by Cecil Harris“There needs to be a conversation in the classroom. If you just lecture to students, you can never be sure if they’re getting it.”—Carla Williams-Deazle ’01, M.A. ’02
In 1997, Carla Williams began classes as a freshman at Seton Hall University in New Jersey. One month later, she withdrew. The school simply wasn’t the right fit. She transferred to Adelphi University, enrolled in the General Studies Learning Community and, on her first day of class, made a strong impression.
“I was teaching a Western Civilization class and Carla arrived about 15 minutes late,” recalled Daniel Rosenberg, Ph.D., a professor in the College of Arts and Sciences and director of the General Studies Learning Community. “I asked the class a question about Egypt and, before she could take her seat, she answered the question correctly.”
So impressed was Dr. Rosenberg that he nicknamed her “Professor.”
“I saw an intuitively bright student, a student interested in learning,” he said.
Today, Carla Williams-Deazle ’01, M.A. ’12, is an alumna of the General Studies Learning Community, a professor in the program and its assistant director. She is also pursuing a doctorate in higher education administration at Touro College.
“I practice the same student-centered approach to teaching that I learned in the General Studies Learning Community,” said Williams-Deazle, a Brooklyn, New York, native who grew up on Long Island. “My classes are heavily participatory. I adhere to the philosophy of Paulo Friere [an early-20th century Brazilian teacher and philosopher]: There needs to be a conversation in the classroom. If you just lecture to students, you can never be sure if they’re getting it.”
The General Studies Learning Community combines liberal arts courses with individual counseling and tutoring to better prepare freshmen for success in college. Students who complete the program are accepted as matriculating sophomores into Adelphi’s other undergraduate programs.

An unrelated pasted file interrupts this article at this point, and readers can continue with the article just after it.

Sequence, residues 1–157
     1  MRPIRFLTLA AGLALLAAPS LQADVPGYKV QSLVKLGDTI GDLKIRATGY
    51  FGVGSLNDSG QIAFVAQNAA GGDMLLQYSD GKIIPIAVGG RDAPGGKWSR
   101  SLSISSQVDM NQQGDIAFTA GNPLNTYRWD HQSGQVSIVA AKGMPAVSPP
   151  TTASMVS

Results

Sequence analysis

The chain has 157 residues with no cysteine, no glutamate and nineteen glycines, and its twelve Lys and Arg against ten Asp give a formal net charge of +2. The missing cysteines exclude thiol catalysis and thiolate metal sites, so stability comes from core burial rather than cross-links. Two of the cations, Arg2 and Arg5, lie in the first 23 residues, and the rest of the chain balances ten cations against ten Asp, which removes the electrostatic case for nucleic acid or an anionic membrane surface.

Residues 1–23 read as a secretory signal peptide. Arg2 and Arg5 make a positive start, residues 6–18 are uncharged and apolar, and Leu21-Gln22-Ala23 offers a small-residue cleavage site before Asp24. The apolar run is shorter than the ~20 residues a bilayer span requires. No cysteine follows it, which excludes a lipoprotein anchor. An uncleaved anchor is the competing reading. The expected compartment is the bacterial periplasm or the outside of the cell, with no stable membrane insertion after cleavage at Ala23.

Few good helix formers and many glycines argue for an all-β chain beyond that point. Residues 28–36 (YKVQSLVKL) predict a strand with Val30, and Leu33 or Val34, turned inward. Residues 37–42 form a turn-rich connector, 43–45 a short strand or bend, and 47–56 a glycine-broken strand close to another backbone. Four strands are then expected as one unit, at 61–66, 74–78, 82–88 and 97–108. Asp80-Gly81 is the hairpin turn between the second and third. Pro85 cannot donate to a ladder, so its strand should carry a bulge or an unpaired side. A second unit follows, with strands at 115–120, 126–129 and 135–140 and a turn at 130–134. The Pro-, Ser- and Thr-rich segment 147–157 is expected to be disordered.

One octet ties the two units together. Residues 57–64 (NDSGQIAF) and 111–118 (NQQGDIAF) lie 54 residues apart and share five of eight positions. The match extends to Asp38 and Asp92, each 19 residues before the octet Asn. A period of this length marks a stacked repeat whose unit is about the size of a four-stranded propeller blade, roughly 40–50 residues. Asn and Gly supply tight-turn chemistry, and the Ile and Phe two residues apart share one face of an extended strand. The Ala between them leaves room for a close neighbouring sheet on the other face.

While a student, Williams-Deazle met Diana Feige, Ed.D., a clinical associate professor in the Ruth S. Ammon School of Education, who encouraged her to apply for the Scholar Teacher Education Program (S.T.E.P.). In S.T.E.P., students earn bachelor’s and master’s degrees in five years and work as student teachers. Williams-Deazle received a B.A. in English and an M.A. in education.
Williams-Deazle—the daughter of the late C.I. Williams, an alto saxophonist who performed with such artists as Count Basie and Mick Jagger—tutors students and teaches three courses: Expository Writing, World of Ideas and Critical Reading and Writing. She has also presented research papers at academic conferences. In Madrid, Spain, she spoke on the need for more ethnic and gender diversity in literature courses.
“I’ve also done research on minority male suspension rates in high school and the link between that and the prison rate—it’s called the school-to-prison pipeline,” she said. “I’m currently doing research on how students from urban areas assimilate onto suburban college campuses.”
Many Adelphi students have sought her counsel on that very issue, as well as others. A better adviser would be hard to find.